My computer shows signs of being on its last legs, so here’s an avian omen of death. In Anglo-Saxon poetry, in the build-up to a battle, three animals — the eagle, the raven and the wolf — turn up in an ominous foreshadowing of the bloodshed to come.
I’m pretty sure this literary trope didn’t arise from symbolism or metaphor, but from simple observation. Animals don’t need to be that clever to work out that following an army is a way to find meat.*
And ravens are actually pretty smart. Crows and parrots are the cleverest of birds, capable of problem-solving, playful and inquisitive.
Perhaps that’s why Odin had two ravens, Huginn and Muninn (‘thought’ and ‘mind’), which flew around the world each day, gathering information for him.
And North American folktales raise the raven even further, into the spirit who created the human world; but also a trickster, capricious and dangerous.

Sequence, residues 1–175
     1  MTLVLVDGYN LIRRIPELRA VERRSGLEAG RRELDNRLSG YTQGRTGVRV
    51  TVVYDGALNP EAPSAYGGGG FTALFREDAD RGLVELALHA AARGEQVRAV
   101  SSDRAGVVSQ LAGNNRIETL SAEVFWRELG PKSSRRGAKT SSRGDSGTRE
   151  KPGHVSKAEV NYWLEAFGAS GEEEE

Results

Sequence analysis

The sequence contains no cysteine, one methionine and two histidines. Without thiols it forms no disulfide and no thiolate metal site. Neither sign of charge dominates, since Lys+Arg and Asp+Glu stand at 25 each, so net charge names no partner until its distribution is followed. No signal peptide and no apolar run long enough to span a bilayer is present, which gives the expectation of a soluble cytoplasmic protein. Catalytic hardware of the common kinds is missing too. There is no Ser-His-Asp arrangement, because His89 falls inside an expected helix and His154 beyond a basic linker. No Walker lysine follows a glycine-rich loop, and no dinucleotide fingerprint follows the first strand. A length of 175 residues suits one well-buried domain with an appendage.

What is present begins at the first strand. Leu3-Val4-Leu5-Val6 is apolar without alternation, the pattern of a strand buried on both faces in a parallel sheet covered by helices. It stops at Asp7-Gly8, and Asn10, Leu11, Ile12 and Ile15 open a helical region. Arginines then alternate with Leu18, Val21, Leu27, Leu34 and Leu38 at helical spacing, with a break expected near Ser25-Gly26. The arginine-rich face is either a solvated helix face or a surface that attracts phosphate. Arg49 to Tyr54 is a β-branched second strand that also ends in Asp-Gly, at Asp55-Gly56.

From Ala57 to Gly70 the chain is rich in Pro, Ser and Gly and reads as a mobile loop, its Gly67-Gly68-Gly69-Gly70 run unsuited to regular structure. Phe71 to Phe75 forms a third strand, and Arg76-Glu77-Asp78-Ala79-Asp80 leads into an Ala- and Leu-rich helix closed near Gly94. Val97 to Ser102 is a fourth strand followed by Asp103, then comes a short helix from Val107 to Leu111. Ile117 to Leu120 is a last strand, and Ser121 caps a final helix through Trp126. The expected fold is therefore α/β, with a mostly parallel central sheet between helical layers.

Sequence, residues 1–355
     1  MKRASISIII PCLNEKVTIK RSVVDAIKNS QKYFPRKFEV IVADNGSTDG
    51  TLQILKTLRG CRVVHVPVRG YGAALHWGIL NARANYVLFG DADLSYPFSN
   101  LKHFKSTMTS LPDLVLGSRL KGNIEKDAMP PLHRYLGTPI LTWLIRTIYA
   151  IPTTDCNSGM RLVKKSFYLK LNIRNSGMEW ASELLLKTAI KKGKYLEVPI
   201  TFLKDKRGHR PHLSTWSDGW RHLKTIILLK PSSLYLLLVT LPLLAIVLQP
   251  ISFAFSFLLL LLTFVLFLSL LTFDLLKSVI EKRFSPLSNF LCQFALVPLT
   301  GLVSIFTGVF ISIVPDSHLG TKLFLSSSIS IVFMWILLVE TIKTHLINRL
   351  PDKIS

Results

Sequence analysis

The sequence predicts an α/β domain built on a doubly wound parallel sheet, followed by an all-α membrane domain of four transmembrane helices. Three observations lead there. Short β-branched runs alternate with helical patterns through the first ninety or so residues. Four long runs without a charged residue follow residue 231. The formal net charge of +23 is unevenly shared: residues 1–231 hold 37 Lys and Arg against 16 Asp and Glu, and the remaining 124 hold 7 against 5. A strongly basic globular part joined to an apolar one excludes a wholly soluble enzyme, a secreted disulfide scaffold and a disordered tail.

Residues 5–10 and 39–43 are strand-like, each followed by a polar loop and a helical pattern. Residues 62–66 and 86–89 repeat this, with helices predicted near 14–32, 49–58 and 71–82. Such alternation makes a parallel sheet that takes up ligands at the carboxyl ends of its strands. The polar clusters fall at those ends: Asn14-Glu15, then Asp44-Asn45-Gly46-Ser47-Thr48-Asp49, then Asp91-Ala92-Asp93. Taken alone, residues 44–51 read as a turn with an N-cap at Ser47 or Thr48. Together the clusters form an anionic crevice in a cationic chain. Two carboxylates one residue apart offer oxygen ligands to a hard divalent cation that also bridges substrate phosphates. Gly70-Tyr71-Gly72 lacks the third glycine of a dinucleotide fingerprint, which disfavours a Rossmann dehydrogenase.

That’s my kind of creator: a raven creating the world out of boredom and mischief. That’s the trouble with Christianity; I guess I can live with a a god who is all-knowing and all-powerful, but does he have to be so damn pious?
* Even when there wasn’t human flesh available, there would be scraps of rubbish to pick at. It has been suggested that dogs were not intentionally domesticated by people; wolves domesticated themselves by switching to a diet of scavenged rubbish and becoming associated with human settlements.
» Photo Credits, from top to bottom: Common Raven (Corvus corax), © Derek Bakken, used under the CC attribution licence; Raven, © Atli Harðarson, used under the by-nd licence; Common Raven, © Paruula, used under the by-nc-sa licence.